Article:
The police attack started at around 16:30 (half an hour before the parade should have been taking place). The heavy use of water cannons, tear gas, and rubber bullets even inside of the places where participants wanted to secure themselves, caused several injuries. The police attack continued at night during the Pride Week Closure Party in The Mekan. Many people inside the arena were heavily effected by the intense tear gas thrown inside through the terrace.

LGBTI organizations and LGBTI Pride Week Committee published a declaration protesting against this unacceptable situation. You may find it in the attached file.

Kaos GL, TIHV (Turkey Human Rights Foundation), and IHD (Human Rights Association) declared their support and offered legal consultancy to every injured participant of the Pride Parade in order to bring all these cases into court to seek justice.

The LGBTI organizations, the Pride Committee, and the activists will have a meeting today in Istanbul at 18:00 to discuss about the situation and how to proceed.

Couple of international allies organizing demos today in front of Turkish Embassies and Consulates (Berlin, Stockholm, etc.), also.

There has also been online hate speech and targeting campaign against some of the participants whose photos are in circulation in the internet. The videos and photos of 3 trans women who protested (or just felt like) being naked are in circulation, yet. There has been some horrible calls from both within the trans community and others to execute these people. The movement is also trying to calm all these aggressions, right now.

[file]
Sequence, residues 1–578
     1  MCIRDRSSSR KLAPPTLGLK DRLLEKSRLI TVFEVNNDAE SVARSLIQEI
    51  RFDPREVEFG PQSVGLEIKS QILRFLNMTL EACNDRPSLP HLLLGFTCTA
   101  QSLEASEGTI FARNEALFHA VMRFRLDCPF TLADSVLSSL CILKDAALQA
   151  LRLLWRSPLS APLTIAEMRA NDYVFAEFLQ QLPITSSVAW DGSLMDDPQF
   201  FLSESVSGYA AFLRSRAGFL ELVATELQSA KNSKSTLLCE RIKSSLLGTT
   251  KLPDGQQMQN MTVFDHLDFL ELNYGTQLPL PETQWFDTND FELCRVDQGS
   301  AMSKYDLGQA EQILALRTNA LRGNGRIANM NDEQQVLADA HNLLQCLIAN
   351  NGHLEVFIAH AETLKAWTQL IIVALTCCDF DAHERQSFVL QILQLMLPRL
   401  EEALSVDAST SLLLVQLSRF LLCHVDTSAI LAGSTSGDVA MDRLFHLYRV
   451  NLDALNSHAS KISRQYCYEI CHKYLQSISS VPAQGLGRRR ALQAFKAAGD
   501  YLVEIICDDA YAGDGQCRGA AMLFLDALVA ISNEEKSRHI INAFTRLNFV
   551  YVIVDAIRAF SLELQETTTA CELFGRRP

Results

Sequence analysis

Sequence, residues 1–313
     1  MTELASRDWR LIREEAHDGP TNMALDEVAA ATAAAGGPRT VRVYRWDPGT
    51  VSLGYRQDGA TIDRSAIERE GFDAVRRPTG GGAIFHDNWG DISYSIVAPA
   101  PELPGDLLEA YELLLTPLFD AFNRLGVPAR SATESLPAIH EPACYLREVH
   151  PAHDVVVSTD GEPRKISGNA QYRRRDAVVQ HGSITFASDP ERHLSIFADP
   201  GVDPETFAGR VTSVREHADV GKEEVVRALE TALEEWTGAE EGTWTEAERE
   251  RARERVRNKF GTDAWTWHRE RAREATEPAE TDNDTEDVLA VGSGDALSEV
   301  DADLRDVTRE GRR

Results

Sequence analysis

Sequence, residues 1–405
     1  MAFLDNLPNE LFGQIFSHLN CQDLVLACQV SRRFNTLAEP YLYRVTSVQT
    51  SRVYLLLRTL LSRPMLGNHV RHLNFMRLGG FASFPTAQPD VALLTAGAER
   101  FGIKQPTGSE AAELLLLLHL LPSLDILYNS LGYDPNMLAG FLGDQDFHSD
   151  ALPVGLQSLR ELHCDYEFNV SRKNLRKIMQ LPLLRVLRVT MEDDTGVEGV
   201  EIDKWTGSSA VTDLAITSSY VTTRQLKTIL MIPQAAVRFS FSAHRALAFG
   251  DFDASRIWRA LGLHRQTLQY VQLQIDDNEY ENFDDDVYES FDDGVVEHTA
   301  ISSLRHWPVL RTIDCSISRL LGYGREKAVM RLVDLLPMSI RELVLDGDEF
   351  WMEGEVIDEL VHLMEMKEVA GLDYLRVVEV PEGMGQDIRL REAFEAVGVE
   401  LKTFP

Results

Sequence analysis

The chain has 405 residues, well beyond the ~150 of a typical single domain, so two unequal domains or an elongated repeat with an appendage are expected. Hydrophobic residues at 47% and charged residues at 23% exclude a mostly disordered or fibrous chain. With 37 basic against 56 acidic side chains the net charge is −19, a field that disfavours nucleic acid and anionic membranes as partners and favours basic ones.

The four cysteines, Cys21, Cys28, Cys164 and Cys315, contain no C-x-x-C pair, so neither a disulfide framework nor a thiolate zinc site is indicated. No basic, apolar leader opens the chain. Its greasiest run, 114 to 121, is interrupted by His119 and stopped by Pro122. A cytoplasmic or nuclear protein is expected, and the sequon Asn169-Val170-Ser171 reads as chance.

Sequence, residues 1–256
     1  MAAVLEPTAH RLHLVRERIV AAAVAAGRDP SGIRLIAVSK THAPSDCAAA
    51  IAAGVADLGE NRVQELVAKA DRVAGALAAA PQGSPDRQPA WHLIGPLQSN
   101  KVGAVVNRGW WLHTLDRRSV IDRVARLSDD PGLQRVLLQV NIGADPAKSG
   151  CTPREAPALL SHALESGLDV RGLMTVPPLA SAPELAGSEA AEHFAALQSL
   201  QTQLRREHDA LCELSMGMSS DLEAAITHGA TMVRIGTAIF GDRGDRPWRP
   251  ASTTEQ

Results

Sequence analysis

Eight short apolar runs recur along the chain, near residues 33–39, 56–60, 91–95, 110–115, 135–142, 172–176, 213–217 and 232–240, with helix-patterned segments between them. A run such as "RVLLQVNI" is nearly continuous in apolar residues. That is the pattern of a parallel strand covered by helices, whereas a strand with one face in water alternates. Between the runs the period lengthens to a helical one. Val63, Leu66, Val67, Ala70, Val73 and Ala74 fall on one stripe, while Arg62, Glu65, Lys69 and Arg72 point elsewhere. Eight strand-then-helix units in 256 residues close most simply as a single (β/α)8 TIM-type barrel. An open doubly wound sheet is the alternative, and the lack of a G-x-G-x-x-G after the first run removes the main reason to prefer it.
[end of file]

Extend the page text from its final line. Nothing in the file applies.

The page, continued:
News links of international media:

A video by a random citizen where people try to celebrate Pride in side streets escaping from police brutality:

Press Statement By LGBTI Pride Week Committee

Despite opposition, European Parliament votes for LGBTI rights in EU Gender equality strategy

In a landmark vote, the European Parliament has demanded to include LGBTI rights in a future EU gender equality strategy.


The current strategy for equality between women and men runs out at the end of this year. The report voted yesterday, is the Parliament’s input for the gender equality strategy 2016-2020.

Specifically on LGBTI issues, the parliament

  • Asks to ensure the full legal recognition of a person’s preferred gender, which is vital for trans and intersex persons (par. 24) and to work towards full depathologisation of trans identities, including in childhood (par. 55);